values are for old tires with poor tread. Velocity has a significant impact on tire/road surface
coefficient of friction. For instance at 60 mph on a dry road surface the coefficient of friction
will be 0.68 to 0.75 and on a wet surface 0.45 to 0.52. As the speed increases the coefficient
of friction drops. The coefficient of friction on all road surfaces decrease with increase of speed;
the difference between the rolling and sliding coefficients increases with increase of speed.
This relationship is very significant from the standpoint of safety. At low speeds below
30 mph tire coefficients of friction will generally range from 0.9 to close to 1.0 (one).
As the speed drops during a stop the coefficient of friction increases.

Other factors affecting the coefficient of tire and road surface friction are:

Road Surface:
The straight ahead sliding coefficients of friction between nonskid tread tires and different types
of road surfaces have different ranges. Coefficients of friction are higher on Bituminous concrete
than on sheet asphalt or Portland cement concrete.

Temperature:
There is an optimum temperature at which certain rubber compounds are most effective.
The temperature peak at which maximum coefficient of friction is obtained is a function of
the rubber compound. This temperature is usually between 150 degrees for a rain tire on a
lightweight car to 275 degrees for a NASCAR racing vehicle. A given amount of friction
work being done on the tire generates heat which raises the temperature of the tire until
a balance is achieved with the amount of heat that the tire can dissipate.
Various factors affecting tire temperature are: weight of the vehicle, amount of cornering,
average speed, amount of free airflow to the tire, road temperature, air temperature,
heat transmitted from brakes and engine, tire pressure, tire tread thickness and general
tire construction.

Slip
Slip occurs during directional and speed changes and is the angular difference between
the direction that the tire is traveling compared to the direction it is pointed. There is a
relationship between the coefficient of friction to slippage in the rubber contact area. Whether a
tire is accelerating, braking, or cornering, it has some small degree of slippage. In a
longitudinal sense it is referred to in percent slippage. Longitudinal slip is obvious in its
extremes: in acceleration the limit is wheelspin, and in braking the limit is lockup. The extreme
of cornering slip angle is 90 degrees, at which point the tire is sliding sideways. What is less
obvious is that the tire has its maximum u (coefficient of friction) at some very
small degree of slip say 5 percent of rotation or 5 to 10 degrees slip angle. and that (u) drops
slightly beyond that point, when the tire goes into a slide. Although tire companies seldom report
the amount of slippage and the only meaning they have to a driver is in the feel of the tire,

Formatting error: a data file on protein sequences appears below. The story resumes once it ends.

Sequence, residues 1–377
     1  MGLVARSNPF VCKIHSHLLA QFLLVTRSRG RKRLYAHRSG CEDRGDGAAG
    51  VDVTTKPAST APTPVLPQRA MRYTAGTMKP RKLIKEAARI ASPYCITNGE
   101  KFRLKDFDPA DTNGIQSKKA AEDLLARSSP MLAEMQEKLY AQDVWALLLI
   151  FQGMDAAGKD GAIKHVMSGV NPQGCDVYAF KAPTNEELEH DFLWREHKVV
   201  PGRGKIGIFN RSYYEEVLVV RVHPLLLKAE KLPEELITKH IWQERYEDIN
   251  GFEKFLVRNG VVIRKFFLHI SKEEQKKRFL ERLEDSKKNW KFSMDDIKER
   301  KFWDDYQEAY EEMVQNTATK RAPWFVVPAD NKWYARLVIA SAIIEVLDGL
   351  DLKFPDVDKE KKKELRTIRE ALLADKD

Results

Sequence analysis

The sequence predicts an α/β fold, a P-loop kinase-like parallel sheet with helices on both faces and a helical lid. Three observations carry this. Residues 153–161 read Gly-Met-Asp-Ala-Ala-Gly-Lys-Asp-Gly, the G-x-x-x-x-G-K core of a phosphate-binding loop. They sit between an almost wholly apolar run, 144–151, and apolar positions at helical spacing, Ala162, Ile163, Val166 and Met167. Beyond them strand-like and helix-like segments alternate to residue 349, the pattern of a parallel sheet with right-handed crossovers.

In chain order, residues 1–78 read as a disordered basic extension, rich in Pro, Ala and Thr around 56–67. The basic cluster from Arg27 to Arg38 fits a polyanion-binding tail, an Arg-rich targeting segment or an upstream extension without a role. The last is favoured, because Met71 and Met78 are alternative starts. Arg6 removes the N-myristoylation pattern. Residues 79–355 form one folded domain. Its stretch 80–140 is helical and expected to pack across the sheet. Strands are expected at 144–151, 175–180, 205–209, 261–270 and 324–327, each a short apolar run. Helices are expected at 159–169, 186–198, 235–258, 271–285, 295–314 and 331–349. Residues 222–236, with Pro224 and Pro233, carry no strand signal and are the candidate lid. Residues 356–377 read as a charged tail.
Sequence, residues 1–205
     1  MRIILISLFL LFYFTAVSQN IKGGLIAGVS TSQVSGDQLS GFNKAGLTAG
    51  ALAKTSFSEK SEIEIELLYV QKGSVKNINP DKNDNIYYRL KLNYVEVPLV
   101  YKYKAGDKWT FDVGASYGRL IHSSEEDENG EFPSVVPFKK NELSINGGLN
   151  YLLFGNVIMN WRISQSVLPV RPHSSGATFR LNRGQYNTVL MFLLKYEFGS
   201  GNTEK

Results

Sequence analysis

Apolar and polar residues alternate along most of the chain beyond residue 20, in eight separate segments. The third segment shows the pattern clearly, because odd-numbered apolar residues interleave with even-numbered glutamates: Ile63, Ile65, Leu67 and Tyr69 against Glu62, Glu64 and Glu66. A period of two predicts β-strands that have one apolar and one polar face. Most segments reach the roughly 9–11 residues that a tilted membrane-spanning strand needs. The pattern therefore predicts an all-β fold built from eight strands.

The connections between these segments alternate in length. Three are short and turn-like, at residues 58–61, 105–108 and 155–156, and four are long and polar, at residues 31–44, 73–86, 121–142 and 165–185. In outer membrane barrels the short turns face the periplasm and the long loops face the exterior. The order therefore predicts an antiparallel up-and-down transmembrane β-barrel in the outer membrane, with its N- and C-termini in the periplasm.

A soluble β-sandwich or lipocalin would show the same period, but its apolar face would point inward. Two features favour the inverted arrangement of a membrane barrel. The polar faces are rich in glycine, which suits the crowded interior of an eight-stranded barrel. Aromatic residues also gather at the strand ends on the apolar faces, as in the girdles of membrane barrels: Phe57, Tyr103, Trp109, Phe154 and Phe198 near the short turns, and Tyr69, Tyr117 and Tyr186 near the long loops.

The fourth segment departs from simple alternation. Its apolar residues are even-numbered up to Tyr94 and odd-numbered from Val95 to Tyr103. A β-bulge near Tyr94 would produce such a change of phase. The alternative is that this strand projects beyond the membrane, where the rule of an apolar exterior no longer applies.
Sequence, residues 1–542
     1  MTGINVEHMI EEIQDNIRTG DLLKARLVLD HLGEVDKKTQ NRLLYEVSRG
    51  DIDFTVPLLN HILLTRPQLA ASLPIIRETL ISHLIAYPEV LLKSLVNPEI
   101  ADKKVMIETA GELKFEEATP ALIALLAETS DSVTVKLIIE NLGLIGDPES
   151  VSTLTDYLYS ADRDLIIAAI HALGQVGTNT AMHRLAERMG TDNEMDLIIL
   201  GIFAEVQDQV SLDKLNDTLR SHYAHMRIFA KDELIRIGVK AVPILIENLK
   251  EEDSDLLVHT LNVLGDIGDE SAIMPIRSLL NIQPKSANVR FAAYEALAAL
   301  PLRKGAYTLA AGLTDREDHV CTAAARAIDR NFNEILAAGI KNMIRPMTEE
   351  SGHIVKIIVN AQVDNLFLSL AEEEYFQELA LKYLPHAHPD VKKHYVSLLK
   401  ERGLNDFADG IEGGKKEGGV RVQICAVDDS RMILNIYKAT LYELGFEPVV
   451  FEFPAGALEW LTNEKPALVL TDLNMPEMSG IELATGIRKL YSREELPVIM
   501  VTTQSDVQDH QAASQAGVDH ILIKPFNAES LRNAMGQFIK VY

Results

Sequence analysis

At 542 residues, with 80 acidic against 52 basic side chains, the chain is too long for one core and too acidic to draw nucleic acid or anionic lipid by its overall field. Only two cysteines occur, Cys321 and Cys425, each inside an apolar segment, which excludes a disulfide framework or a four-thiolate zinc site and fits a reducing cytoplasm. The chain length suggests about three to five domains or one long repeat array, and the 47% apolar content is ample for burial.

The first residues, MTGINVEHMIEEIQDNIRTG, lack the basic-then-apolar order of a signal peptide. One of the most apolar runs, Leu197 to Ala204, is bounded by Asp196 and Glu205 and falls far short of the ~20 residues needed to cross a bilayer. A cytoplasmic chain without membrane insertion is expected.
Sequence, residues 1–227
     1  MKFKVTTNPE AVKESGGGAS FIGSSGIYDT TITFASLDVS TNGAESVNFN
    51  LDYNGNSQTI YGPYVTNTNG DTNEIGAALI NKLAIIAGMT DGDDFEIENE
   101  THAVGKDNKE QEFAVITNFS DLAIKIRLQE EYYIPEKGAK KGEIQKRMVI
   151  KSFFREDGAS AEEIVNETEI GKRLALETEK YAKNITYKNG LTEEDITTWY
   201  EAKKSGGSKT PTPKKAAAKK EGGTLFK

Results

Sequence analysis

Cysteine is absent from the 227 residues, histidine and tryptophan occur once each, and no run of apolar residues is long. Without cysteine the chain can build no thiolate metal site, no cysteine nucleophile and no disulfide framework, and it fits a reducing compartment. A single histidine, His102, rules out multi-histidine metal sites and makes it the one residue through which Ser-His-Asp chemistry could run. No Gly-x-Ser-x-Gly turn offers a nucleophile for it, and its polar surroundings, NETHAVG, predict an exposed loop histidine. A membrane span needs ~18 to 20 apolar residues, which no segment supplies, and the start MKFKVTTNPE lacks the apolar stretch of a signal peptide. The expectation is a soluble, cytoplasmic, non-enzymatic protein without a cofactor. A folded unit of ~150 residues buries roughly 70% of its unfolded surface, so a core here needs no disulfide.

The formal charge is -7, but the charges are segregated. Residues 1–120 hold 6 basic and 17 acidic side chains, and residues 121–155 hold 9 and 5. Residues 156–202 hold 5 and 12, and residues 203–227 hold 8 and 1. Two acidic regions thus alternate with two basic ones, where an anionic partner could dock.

or the warning it gives (squeal ) at the limit of breakaway. A driver automatically vies to maintain
his car at these limits by steering angle and throttle.
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Rollover (continued from page 4)


Factors affecting the coefficient of tire and road surface friction:
Slip (continued from page-4)
No matter what slip angle the peak u is at, however, the peak does not drop off sharply, or the driver
will be unable to get close to the limit without losing control. Slip accounts for wasted forces in the
form of drag, and because this wasted energy contributes to heat buildup. Passenger car tires are
designed to accept these losses for softness in ride and handling. The concept of slip angle also affects
oversteer/understeer in the consideration of an entire vehicle, but as long as the front and rear tires have
about the same characteristics (which is why all four tires should be the same) it is primarily
theoretical and mathematical. Likewise, properly calculated longitudinal slip figures are most valuable
in the design of anti-skid brake systems and Electronic Stability Control systems.

Camber
The coefficient of friction (u) is also affected a great deal by the camber angle (see Figure-2) or
inclination of a tire.

As a tire is tilted, one edge is raised off the pavement and traction is lost. A rubber tire may be expected
to flex somewhat to keep an even pressure footprint, but this flex also allows the tire carcass to roll under when
subjected to extreme cornering forces. Camber reduces the coefficient of friction (u) of a typical tire and causes
a slight inward inclination of perhaps ½ a degree and actually increases the coefficient of friction. It is quite
possible for the wheel to be deflected half a degree, and the tire to be deflected over one degree with respect to
the wheel. There is an optimum camber angle for each tire on each vehicle.

Tire Pressure
Tire pressure is another factor that can affect the coefficient of friction. The proper pressure is one at which there
is an even rubber pressure in contact with the road, all across the tire patch. Pressure must also be at a minimum, to get
the maximum rubber area on the ground and to provide some bump absorption, and it must be high enough to
minimize heat-generating tire deformations. In addition, the generation of heat will raise pressures by 5 to 15 psi and